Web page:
A new used car is on the horizon

Within the next few days I’ll likely have an automobile chosen for purchase. This vehicle has the following conditions:

  • Reliable : Last for at least a few years, and remain decent for resale
  • Cheap : The total budget is $3500 USD
  • Efficient : At least 30 MPG (12 KM/L)
  • Rushed : Need it within a week (the minivan very recently blew up!) :(

It won’t be a life long car (but could be) mainly due to cheap Diesels being difficult to find. Within a couple of years a goal of mine is to have a Biodiesel vehicle, you know, something that is optionally powered by stuff that grows.

Throughout history I’ve done very little car shopping, especially with such defined budget and time constraints. So far I’ve discovered the following problems:

  • Price: Most all of the desired vehicle prices exceed the budget
  • Unsure: Not sure what I want, or why. First instinct is Honda or Toyota (or VW for diesel) but who knows!
  • Distance: The Internet is nice for searching and finding but vehicles far away are difficult to transfer home. Driving from ‘Boston, MA’ to ‘Portland, OR’ sounds fun, or having it shipped, but not really doable.
  • Time: The upcoming week is approaching fast!
  • Reliance: I rely too much on having a car and must further utilize alternate methods of travel. This much is certain.
  • Lines: Somewhere lies a fine line between a noteworthy car with 140 000 miles (~225 000 km) versus a sketchier one with 80 000 (~130 000 km)
  • Information overload: Too many sites offering vehicles, a super hip meta car search tool needs to exist

Only time will tell what’s going to happen… enjoy (and be a part of) the ride! :-)

3 thoughts on “A new used car is on the horizon”

  1. I have been a part of the purchasing of 2 lemons in my lifetime, so here is my advice.
    1. Pay the money to get a CarFax. Get the VIN# and find out where that car has been. Any reputable dealer will give you the CarFax for free.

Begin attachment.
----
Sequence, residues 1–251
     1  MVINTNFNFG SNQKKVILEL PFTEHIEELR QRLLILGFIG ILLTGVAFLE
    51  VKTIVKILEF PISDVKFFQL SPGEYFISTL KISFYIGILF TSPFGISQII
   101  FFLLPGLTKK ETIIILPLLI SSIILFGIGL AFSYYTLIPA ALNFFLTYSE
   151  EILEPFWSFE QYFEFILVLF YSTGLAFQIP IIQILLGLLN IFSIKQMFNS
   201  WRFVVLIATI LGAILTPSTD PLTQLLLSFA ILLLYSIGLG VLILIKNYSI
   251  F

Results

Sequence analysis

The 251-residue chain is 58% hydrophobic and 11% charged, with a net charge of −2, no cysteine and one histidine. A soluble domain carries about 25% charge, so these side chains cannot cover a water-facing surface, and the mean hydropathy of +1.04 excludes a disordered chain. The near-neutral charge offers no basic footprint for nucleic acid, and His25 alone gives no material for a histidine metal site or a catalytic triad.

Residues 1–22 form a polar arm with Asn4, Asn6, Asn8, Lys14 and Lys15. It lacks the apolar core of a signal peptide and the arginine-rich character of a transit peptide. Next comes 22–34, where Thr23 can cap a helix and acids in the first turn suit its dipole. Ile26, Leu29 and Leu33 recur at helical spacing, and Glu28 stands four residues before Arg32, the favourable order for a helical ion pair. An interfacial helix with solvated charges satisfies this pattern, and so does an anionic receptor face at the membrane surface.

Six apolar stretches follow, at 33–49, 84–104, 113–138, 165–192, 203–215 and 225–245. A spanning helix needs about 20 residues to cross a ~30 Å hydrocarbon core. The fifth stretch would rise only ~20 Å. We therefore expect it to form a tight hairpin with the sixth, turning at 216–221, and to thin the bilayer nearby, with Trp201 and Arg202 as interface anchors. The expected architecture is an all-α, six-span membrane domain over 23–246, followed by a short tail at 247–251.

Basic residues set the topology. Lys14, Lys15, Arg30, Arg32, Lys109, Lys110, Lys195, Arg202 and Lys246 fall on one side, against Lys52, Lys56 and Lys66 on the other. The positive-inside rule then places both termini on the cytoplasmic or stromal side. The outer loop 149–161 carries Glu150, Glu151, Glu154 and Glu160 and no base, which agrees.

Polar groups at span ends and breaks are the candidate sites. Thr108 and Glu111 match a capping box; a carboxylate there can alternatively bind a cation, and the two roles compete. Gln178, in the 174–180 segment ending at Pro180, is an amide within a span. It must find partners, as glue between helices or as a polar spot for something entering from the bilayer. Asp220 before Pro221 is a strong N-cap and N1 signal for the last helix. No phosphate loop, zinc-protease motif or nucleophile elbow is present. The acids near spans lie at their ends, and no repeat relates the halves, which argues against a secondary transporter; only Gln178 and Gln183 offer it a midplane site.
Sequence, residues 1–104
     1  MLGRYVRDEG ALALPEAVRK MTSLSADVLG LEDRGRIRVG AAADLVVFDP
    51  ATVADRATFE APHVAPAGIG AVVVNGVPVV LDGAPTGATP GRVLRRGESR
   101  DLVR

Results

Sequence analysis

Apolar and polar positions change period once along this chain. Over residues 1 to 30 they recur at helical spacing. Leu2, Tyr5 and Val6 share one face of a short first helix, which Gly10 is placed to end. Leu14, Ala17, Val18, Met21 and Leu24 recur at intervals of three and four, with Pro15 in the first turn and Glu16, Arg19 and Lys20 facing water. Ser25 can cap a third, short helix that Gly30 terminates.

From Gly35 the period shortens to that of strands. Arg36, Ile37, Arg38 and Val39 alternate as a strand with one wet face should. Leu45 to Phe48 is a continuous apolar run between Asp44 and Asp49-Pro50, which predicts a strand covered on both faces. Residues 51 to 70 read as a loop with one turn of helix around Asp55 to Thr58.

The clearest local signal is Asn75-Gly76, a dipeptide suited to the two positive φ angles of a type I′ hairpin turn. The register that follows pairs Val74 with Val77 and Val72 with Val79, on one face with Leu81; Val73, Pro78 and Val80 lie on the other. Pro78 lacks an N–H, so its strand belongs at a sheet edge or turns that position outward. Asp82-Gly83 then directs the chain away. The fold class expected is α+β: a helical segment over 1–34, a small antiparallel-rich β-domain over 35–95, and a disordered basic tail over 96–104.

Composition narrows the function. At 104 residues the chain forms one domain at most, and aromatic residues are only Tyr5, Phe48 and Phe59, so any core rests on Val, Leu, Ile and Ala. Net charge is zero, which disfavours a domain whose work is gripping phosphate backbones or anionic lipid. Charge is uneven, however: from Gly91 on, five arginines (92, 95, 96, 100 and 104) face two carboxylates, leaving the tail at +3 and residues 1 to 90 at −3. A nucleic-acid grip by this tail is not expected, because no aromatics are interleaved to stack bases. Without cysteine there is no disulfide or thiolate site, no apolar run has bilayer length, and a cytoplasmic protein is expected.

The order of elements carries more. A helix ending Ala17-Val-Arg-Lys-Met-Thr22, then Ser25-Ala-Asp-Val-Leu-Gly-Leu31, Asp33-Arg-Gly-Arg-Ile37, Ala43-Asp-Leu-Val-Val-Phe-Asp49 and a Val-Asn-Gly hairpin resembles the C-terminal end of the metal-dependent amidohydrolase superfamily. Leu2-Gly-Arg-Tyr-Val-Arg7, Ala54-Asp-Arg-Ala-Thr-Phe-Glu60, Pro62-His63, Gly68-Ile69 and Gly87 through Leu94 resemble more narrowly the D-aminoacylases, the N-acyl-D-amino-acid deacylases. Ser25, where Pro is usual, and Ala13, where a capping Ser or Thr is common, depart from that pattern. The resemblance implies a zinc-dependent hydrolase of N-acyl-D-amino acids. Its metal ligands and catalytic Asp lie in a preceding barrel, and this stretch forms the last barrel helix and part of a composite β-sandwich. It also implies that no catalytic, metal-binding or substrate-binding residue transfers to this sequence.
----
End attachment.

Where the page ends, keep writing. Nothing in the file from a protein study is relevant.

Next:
2. Buy the car during daylight hours. This will allow you to look closely at all the body lines and to get a look at any paint discoloration.
    3. Take a friend with you to buy the car. And meet the seller in a public place. Like at a grocery store parking lot. Your friend can give you a second opinion, plus give you a little security while you’re cruising around in a stranger’s car.
    4. Check the tires, the radiator fluid (for any oil in the fluid), the battery (for corrosion) and all the other obvious things to check.
    5. Drive on both the freeway and on surface streets.
    6. If your initial feeling says, “This seller is shady,” they probably are. Also, don’t feel like a racist if you don’t purchase a car from a particular race (or two) of people who typically deal with damaged or stolen cars.
    7. Don’t buy a used VW. Consumer Reports consistently has them on their Do Not Buy list. Buy a Honda Civic or a Toyota. They keep their resale value.
    Good luck, Phil.

  2. Thanks guys for the good advice but as I just posted I went the opposite direction and went against all advice. Let’s just say it will be a learning experience… :)

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